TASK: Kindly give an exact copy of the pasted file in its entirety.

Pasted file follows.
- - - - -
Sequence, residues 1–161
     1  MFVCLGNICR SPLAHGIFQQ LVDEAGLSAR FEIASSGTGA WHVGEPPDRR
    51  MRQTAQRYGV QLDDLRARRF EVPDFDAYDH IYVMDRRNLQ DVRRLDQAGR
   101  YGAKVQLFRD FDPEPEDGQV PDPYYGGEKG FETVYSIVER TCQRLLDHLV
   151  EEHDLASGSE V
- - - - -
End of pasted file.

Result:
Sequence, residues 1–161
     1  MFVCLGNICR SPLAHGIFQQ LVDEAGLSAR FEIASSGTGA WHVGEPPDRR
    51  MRQTAQRYGV QLDDLRARRF EVPDFDAYDH IYVMDRRNLQ DVRRLDQAGR
   101  YGAKVQLFRD FDPEPEDGQV PDPYYGGEKG FETVYSIVER TCQRLLDHLV
   151  EEHDLASGSE V